Jane Austen and the Navy
Two of Jane Austen's brother served in Nelson's navy and later became admirals. Francis Austen, on board the Canopus, narrowly missed the battle of Trafalgar; Charles Austen in Endymion captured numerous small prizes. It is not surprising that that the Austen family, including Jane, took a deep personal interest in naval affairs. Apart from the church, the navy was the pro...more
Hardcover, 400 pages
Published February 5th 2003 by Hambledon & London
(first published 2003)
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Two of Jane Austen's brothers served in the Royal Navy and later became admirals. Southam's book discusses the novelist as a historian of Nelson's navy, not the navy of the great victories at sea but of the navy at home and of sailors amongst their family and friends.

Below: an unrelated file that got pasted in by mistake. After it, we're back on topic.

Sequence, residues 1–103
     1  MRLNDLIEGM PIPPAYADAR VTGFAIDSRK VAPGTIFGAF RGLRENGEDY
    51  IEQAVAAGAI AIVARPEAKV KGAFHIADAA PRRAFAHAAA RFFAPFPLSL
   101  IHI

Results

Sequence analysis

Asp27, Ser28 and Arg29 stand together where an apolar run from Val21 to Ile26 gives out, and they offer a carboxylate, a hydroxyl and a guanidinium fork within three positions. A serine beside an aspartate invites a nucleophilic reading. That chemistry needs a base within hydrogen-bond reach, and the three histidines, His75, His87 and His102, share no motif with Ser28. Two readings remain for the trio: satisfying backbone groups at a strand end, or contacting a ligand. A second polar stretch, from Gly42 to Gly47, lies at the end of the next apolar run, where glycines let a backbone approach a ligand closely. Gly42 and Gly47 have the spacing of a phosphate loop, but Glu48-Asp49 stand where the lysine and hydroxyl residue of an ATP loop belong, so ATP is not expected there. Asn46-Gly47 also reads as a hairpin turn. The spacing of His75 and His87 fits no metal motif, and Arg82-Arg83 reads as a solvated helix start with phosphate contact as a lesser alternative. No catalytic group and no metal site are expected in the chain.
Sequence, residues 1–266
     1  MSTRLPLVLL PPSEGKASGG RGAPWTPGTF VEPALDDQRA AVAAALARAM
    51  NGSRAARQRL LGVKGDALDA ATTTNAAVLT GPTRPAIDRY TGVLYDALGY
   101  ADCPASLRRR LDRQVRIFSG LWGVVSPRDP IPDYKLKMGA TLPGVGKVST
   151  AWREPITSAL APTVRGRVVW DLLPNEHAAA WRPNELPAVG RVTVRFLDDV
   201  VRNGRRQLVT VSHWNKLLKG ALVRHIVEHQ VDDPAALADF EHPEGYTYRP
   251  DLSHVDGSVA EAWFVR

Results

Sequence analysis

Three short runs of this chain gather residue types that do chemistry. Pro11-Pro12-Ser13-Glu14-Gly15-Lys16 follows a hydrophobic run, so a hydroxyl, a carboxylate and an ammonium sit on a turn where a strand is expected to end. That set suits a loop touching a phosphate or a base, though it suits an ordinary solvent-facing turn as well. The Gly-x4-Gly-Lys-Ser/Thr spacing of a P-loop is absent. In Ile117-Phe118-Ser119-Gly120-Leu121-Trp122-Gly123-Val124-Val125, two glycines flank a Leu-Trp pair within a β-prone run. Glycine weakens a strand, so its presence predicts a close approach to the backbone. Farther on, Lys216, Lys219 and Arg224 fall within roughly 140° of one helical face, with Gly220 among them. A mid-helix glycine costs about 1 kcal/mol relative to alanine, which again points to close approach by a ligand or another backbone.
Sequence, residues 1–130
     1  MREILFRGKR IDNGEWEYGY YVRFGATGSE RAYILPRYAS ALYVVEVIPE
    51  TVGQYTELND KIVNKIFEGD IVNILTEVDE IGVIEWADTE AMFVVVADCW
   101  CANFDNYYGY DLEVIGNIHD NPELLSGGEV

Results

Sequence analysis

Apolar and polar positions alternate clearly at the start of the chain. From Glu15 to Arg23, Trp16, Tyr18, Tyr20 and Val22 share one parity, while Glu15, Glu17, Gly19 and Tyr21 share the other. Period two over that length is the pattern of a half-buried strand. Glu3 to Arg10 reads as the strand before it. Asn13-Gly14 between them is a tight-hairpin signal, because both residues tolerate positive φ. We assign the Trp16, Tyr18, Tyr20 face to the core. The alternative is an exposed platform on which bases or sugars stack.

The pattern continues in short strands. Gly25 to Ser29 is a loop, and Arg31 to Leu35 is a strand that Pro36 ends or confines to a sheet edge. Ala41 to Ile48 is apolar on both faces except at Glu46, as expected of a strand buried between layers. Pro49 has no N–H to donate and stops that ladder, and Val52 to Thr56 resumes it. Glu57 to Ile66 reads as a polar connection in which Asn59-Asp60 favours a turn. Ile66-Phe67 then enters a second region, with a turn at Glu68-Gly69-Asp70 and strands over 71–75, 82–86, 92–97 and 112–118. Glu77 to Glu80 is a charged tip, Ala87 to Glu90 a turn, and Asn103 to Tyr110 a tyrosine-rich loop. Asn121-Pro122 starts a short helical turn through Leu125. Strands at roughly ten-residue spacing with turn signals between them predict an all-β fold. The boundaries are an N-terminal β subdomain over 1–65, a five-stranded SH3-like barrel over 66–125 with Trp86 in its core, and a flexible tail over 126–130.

I just skimmed the first half of the book and got right into his commentary on the novels (no disrespect to Austen's brothers or anything...). The chapter on Mansfield Park was very interesting. The other chapters on Nelson and Persuasion were good, too. The historical details of what the navy was like, the culture at the time, the ranks and terms and what they all meant were all fun details to learn about.
The chapters on MP, Persuasion, and that Navy Classic Emma(!!) were excellent. The chapters on the politics of the navy less so. Horatio Hornblower fans will enjoy the multiple references to his mentor Sir Edward Pellew! (Fun Fact: Robert Lindsay's bday is 12/9. I can't think of anyone else in the role of Pellew).